Elon Musk has hired a new director of AI research at Tesla, and it may signal a plan to rethink the way its automated driving works. This week, Musk poached Andrej Karpathy, an expert on vision, deep learning, and reinforcement learning, from OpenAI, a nonprofit that Musk and others are funding that's dedicated to "discovering and enacting the path to safe artificial general intelligence." After Stanford, Karpathy interned with DeepMind, where reinforcement learning is a major focus. Appointing Karpathy a Tesla's director of AI research indicates something else about the challenge of autonomous driving: there's some distance left to go before it's solved (see "What to Know Before You Get in a Self-Driving Car").
Tesla has completely shaken up its Autopilot team, and its newest addition is Andrej Karpathy, the new director of artificial intelligence and Autopilot vision. He received a pHd in machine learning and computer vision from Stanford University. Karpathy has mostly worked in academia, but he joined Tesla's artificial intelligence group OpenAI last September as a research scientist. As a Tesla exec, Karpathy said he will look to apply his work with convolutional nets to Autopilot.
Tesla Inc. has hired a Stanford University computer scientist specializing in artificial intelligence and deep learning to lead its efforts around driverless cars. Karpathy is "one of the world's leading experts in computer vision and deep learning," the spokesperson said. Apple's CEO Tim Cook recently confirmed the company's efforts around what he called "autonomous systems," and called driverless cars "the mother of all AI projects." The hire comes as Tesla's lead of Autopilot software, Chris Lattner, earlier this week announced he was leaving the company after six months on the job.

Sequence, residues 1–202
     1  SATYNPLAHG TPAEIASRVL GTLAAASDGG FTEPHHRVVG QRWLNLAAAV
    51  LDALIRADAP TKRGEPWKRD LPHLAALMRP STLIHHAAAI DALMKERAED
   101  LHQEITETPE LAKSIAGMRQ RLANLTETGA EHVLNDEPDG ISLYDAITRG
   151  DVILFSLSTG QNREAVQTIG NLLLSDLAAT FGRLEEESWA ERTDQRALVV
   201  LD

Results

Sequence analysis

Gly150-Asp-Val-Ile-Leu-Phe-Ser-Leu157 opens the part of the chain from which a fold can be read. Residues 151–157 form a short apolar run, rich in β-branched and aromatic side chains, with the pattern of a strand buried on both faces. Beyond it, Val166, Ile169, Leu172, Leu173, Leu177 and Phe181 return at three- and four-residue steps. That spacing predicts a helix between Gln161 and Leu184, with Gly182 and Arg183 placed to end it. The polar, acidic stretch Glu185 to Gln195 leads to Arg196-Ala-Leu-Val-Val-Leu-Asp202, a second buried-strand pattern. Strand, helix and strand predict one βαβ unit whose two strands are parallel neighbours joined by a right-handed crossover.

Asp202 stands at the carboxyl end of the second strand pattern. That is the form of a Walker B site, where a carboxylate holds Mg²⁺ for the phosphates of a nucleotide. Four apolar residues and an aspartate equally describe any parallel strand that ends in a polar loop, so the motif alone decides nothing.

Earlier this year Tesla announced engineer Chris Lattner would leave Apple and lead its Autopilot engineering team, but just five months later he is departing. Lattner, the designer of Apple's Swift programming language, tweeted "Turns out that Tesla isn't a good fit for me after all," while Tesla announced it has hired Andrej Karpathy, "one of the world's leading experts in computer vision and deep learning." He will become the company's Director of AI and Autopilot Vision, reporting directly to CEO Elon Musk, who he may know well from his previous job as a research scientist at the Musk-backed OpenAI. Andrej Karpathy, one of the world's leading experts in computer vision and deep learning, is joining Tesla as Director of AI and Autopilot Vision, reporting directly to Elon Musk.
California nonprofit Worksafe, a worker safety advocacy group, recently made headlines when it reported that the injury rate at Tesla's Fremont, California, plant was more than 30 percent higher than the industry average in 2014 and 2015. A recent email Musk sent to employees indicates just how seriously he's taking the issue. Emotional intelligence, the ability to make emotions work for you instead of against you, is an essential quality of effective leaders. To personally meet every injured employee and actually learn how to perform the task that caused that person's injury is remarkable for the CEO of any company.